Column-Oriented Databases

    A column-oriented database stores everything in, as you guessed, columns. Columns tend to be of the same type and benefit from a very efficient form of compression, which makes these types of NoSQL databases incredibly fast.

    Graph Databases

    This type of NoSQL database focuses on the relationship between data elements and is optimized to capture and search connections between data elements, which overcomes the significant overhead associated with multi-table JOINs in relational databases. This type of NoSQL database tends to be used alongside relational databases.

    Because you have so many choices of NoSQL databases, and since there is no universal query language, you must not only first select the NoSQL database you're going to use, you need to hire developers who are familiar with that particular database query language. For example, you wouldn't hire a developer familiar with CouchBase for MongoDB. The CouchBase query language is N1QL, whereas the MongoDB query language is MQL.

    This is a crucial point to consider when hiring any developer who will be developing a project that will interact with a NoSQL database.

    Conclusion

    NoSQL databases are absolutely crucial for big businesses that need to work with big data. And hiring developers to work on those databases must start with the decision on which NoSQL database to use. Once you've decided on a database, you can then begin the process of hiring a developer familiar with the specific query language so they can successfully integrate their applications into your data.

    What are some of the most popular NoSQL databases?

    MongoDB, CouchBase, Apache Cassandra, Redis, and Apache HBase.

    What are the 4 types of NoSQL databases?

    Document-oriented, key-value stores, column-oriented, and graph.

    What is the difference between horizontal and vertical scaling?

    • Horizontal scaling is to scale by adding more machines into a pool of resources.
    • Vertical scaling is to scale by adding more power (CPU, RAM) to an existing machine.

    Name some key advantages NoSQL databases have over relational databases.

    • NoSQL supports semi-structured data.
    • NoSQL doesn’t depend on schema.
    • NoSQL has a much higher read/write throughput.
    • NoSQL easily scales horizontally.
    • NoSQL supports terabytes and petabytes of data.
    • NoSQL provides support for business analytic tools.
    • NoSQL can be hosted on cheaper hardware.
    • NoSQL supports In-memory caching for increased query performance.
    • NoSQL offers a much faster development life cycle.

    We are looking for a talented software engineer with a high-level mastery of NoSQL databases. You must have a solid grasp of the particular NoSQL database technology we use for app development and data interaction. You will also be responsible for integrating front-end elements built by your co-workers into the database. Therefore, a basic understanding of front-end technologies is necessary as well.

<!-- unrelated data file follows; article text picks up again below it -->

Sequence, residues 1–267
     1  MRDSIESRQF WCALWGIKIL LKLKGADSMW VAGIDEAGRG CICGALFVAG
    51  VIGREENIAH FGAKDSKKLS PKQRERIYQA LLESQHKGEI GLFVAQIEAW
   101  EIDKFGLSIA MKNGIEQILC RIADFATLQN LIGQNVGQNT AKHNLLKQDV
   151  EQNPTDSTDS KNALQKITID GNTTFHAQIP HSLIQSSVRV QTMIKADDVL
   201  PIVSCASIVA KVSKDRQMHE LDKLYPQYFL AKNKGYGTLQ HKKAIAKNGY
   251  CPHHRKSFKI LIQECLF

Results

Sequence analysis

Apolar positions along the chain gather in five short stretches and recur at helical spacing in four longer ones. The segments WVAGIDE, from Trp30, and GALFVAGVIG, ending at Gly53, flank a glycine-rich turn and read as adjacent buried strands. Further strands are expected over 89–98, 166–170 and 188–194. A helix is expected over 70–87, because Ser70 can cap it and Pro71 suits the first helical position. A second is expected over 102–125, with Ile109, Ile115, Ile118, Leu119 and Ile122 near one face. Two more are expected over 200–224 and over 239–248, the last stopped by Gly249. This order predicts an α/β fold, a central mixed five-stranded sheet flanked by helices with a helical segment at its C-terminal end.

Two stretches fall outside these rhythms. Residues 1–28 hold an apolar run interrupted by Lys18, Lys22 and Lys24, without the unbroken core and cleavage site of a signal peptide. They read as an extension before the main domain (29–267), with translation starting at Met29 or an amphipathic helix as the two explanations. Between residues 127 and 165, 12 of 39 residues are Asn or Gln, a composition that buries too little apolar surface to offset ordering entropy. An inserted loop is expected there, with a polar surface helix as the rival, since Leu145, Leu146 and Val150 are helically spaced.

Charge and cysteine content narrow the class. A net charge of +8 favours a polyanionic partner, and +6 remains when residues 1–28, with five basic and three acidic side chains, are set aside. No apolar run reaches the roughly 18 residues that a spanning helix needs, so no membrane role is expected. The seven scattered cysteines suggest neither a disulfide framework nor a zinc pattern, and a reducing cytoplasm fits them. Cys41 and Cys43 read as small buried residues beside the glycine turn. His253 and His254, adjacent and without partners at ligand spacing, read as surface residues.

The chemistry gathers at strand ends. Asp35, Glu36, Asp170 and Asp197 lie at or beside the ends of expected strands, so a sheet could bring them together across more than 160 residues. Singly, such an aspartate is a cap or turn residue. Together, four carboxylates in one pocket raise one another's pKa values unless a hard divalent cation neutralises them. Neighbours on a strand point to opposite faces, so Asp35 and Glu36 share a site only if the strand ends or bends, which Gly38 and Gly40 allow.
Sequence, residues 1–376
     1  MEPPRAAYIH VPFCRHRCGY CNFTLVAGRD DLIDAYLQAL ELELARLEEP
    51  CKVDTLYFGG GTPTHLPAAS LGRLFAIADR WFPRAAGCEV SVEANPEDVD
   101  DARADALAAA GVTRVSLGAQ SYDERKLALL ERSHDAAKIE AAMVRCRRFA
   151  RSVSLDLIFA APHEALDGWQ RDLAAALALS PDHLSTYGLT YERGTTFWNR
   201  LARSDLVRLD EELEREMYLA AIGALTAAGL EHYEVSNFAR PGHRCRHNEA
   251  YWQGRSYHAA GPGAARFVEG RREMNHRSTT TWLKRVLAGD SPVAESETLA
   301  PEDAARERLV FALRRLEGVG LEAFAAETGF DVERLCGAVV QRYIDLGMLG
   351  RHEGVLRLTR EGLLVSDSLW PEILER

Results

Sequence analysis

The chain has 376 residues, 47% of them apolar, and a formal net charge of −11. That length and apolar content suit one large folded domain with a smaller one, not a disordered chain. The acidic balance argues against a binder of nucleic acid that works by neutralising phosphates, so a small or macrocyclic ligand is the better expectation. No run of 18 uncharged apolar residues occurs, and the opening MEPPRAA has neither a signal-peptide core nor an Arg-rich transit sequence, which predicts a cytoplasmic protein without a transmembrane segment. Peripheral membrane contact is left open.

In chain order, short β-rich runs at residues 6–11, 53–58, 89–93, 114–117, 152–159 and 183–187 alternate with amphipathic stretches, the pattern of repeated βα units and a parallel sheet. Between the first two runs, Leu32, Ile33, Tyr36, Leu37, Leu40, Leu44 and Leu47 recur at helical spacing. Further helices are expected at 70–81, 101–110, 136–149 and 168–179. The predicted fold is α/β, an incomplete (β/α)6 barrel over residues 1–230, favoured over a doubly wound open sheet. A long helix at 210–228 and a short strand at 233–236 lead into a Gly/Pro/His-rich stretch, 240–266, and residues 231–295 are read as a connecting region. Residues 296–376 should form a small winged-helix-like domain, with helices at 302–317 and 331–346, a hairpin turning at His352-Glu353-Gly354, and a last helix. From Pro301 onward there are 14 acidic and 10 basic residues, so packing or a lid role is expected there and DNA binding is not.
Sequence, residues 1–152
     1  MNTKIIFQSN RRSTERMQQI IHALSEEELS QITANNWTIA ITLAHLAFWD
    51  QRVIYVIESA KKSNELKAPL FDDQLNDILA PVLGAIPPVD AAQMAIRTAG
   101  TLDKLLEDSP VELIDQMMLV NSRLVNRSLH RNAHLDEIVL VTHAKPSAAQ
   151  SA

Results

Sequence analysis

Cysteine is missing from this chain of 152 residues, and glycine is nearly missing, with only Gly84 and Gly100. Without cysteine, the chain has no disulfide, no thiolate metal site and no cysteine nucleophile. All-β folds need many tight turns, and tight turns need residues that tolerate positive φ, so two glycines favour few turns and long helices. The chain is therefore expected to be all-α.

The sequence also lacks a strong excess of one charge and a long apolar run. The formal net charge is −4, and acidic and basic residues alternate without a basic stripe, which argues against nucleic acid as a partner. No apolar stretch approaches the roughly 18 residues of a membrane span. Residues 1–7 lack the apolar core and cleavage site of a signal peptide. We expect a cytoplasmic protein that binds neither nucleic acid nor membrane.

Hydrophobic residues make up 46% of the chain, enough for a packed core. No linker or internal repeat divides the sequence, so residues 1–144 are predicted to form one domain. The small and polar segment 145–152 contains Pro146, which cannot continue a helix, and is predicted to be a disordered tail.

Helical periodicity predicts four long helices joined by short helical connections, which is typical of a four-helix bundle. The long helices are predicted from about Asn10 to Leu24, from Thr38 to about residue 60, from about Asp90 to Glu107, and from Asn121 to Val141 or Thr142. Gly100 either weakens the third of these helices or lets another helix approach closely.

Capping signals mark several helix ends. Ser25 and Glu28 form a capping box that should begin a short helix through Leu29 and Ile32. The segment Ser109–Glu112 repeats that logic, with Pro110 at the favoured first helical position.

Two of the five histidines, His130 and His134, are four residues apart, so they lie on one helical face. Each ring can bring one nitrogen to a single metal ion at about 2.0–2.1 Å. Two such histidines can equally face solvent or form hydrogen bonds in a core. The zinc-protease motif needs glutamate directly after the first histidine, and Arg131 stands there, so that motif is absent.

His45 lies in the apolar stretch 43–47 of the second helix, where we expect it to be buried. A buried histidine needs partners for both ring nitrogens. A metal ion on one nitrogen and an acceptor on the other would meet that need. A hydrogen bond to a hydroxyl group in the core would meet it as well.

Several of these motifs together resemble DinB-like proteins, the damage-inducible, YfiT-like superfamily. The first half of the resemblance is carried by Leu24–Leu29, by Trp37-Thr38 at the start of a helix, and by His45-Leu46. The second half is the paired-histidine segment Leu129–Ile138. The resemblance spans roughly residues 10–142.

Responsibilities

    • Design, build and maintain efficient and reusable databases and have the skills to effectively query and integrate them into applications.
    • Integrate data storage solutions.
    • Implement performance and quality modes.
    • Identify bottlenecks and bugs and resolve issues.
    • Monitor the performance of the deployed databases to find ways to improve them.
    • Collaborate with cross-functional teams to define and design new features.
    • Stay up to date with new technology trends, applications, and protocols.
    • Help maintain code quality, organization, and automatization
    • Analyze user requirements to help inform application design.
    • Define application objectives and functionality.
    • Align application design with business goals and customer needs.
    • Produce detailed documentation.
    • Recommend changes to existing databases and the infrastructure used to build them.
    • Ensure continuous professional self-development.
    • Integrate user-facing elements developed by front-end developers with server-side logic.
    • Write reusable, testable, and efficient code.
    • Design and implement low-latency, high-availability, and performant databases.
    • Implement security and data protection.
    • Integrate data storage solutions.

    Skills and Qualifications

    • Degree in Computer Science or related field.
    • Experience with one or more NoSQL databases.
    • Basic understanding of front-end technologies, such as HTML5 and CSS3.
    • Understanding of the principles behind scalable applications.
    • Fundamental understanding of version control systems (such as Git).
    • Solid problem-solving skills.
    • Excellent written and verbal communication.
    • Good organizational skills.
    • Ability to work as part of a team.
    • Attention to detail.
    • Understanding the nature of asynchronous programming and its quirks and workarounds
    • A positive attitude.